A mother-of-three has accused her local council of being "ludicrous and completely outrageous" when it comes to tracking the movements of her and her children.
Jenny Paton spoke at an investigatory hearing after she accused Poole council of being ruthless in its attempts to discover whether her children lived in the correct school catchment area. The council based their investigation on the Regulation of Investigatory Powers Act, which allows them to use 'spying' methods for investigations.
The lawyers representing Jenny Paton felt that the surveillance methods used were unlawful, and should be stopped.
What were these unlawful surveillance methods?
According to Jenny, a council official made notes over a three week period of the coming and goings at her home. The purpose of this was to make sure the children are indeed from the catchment area for their local primary school.
That seems like an awful long time to pay someone to sit and write the comings and goings of a person's home. Particularly as they could have just requested an inspection to make sure they do actually live there.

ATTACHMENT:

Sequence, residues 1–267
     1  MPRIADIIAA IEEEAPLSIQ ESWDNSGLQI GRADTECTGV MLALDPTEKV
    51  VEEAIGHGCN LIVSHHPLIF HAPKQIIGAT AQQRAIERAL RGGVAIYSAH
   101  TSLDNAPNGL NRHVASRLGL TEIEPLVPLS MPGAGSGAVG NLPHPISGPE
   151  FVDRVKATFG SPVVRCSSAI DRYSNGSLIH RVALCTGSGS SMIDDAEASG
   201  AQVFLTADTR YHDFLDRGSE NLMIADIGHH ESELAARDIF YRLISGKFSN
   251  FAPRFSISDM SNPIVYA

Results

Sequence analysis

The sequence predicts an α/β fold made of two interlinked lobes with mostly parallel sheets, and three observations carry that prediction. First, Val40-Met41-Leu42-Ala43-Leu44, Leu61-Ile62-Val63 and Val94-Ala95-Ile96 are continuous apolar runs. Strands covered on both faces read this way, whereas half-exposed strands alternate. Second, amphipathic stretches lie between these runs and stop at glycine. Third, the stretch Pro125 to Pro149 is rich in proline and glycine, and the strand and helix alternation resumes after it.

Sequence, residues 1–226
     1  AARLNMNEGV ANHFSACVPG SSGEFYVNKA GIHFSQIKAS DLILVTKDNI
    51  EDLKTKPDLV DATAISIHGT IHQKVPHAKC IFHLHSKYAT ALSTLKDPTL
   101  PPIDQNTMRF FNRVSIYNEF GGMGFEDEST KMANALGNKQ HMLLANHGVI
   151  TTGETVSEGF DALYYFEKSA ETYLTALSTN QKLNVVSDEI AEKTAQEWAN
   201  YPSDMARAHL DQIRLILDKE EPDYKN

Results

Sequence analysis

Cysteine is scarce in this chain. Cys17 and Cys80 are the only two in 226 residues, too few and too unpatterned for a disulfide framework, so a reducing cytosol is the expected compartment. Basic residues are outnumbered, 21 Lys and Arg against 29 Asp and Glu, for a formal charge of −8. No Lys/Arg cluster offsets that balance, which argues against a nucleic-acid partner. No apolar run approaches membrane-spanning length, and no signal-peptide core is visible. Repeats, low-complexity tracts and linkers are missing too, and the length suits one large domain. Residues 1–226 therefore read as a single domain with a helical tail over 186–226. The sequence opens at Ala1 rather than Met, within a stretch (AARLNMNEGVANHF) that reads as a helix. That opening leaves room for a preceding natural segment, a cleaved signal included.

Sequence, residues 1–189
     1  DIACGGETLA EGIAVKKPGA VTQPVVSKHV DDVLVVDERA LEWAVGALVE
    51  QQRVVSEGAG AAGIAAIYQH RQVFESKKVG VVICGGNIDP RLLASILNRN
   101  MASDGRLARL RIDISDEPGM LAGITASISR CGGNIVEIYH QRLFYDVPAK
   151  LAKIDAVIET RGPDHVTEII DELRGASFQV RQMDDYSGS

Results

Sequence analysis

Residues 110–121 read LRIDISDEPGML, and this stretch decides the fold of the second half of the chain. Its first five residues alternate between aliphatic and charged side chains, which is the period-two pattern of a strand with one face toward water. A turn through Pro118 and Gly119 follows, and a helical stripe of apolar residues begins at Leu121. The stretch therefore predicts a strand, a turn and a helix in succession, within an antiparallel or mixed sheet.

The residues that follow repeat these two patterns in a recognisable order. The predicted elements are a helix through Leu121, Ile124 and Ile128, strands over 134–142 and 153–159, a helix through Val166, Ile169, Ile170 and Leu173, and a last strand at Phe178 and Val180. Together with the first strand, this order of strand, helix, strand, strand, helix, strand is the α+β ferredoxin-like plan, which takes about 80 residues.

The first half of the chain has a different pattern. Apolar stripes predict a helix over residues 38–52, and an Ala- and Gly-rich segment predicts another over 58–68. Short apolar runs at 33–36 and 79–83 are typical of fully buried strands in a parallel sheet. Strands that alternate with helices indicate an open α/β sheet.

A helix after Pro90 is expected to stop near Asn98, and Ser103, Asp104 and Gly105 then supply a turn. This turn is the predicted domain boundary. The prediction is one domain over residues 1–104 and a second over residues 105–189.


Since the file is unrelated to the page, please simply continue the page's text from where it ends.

Whilst spying can be a suitable way of keeping an eye on criminal activities, I don't really think checking up on a mother of three who clearly lives in her own home is the most productive use of our taxes.
Saying that, there are plans to use this to help chase maintenance payments from those that claim they earn less then they actually do. For many single parents, this will be a beneficial investigation.
What do you think about the Regulation of Investigatory Powers Act and the freedom it gives councils and the police?
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